Fondue: Wednesday food word

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The word fondue comes from the French verb “to melt.” It started to gain popular use in English in the early 1900s — about the same time that a Swiss dairy association started having its way with it.

The dish, of course, is a classic: dunking morsels of food into molten hot cheese, oil or chocolate.

The original cheese fondue was an early 20th-century marketing scheme concocted by a Swiss-cheese trade association who connived to make it a national dish and promoted only a few Swiss cheeses from the hundreds made in the country. It was the same with raclette.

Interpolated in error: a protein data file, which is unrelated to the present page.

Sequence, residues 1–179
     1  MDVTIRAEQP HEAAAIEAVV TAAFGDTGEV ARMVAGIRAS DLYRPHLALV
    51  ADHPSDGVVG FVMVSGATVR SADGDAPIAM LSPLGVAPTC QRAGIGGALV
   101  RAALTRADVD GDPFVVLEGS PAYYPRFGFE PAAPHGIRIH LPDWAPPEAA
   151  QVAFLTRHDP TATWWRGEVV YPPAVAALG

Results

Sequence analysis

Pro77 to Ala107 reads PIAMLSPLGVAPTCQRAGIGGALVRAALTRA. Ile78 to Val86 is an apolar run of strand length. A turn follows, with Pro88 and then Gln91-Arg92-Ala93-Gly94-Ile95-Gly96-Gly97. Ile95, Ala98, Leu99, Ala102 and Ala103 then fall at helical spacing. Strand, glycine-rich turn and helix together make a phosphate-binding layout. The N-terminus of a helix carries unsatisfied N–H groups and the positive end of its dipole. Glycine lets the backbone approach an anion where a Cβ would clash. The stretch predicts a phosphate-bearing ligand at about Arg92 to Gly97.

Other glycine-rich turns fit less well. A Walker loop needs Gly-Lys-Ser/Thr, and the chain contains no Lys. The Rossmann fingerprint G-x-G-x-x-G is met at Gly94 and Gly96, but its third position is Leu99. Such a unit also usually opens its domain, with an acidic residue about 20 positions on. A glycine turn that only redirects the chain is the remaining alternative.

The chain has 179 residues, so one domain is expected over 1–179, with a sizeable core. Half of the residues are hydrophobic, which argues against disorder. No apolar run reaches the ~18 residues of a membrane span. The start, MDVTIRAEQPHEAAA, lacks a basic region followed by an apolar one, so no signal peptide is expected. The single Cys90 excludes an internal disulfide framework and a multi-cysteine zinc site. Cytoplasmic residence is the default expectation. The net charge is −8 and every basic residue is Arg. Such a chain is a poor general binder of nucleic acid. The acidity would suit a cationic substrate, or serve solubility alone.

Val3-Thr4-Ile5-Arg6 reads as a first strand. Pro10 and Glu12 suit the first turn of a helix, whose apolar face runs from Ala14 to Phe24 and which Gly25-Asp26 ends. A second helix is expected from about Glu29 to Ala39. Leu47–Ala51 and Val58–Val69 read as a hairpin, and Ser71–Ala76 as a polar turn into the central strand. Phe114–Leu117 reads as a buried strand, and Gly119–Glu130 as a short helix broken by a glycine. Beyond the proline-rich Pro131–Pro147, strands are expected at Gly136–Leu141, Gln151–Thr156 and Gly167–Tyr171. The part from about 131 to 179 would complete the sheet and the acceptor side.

Thanks to the now-defunct Swiss cheese cabal, a regional dish of fondue became a highly marketable, but ultimately contrived, national one.

Creamy, cheesy fondue with a Riesling (Photo/

It’s one reason fondue became extremely popular, but nonetheless delicious, in North America in the 1960s.

For more about a local fondue, please see my Waterloo Chronicle column this Friday.

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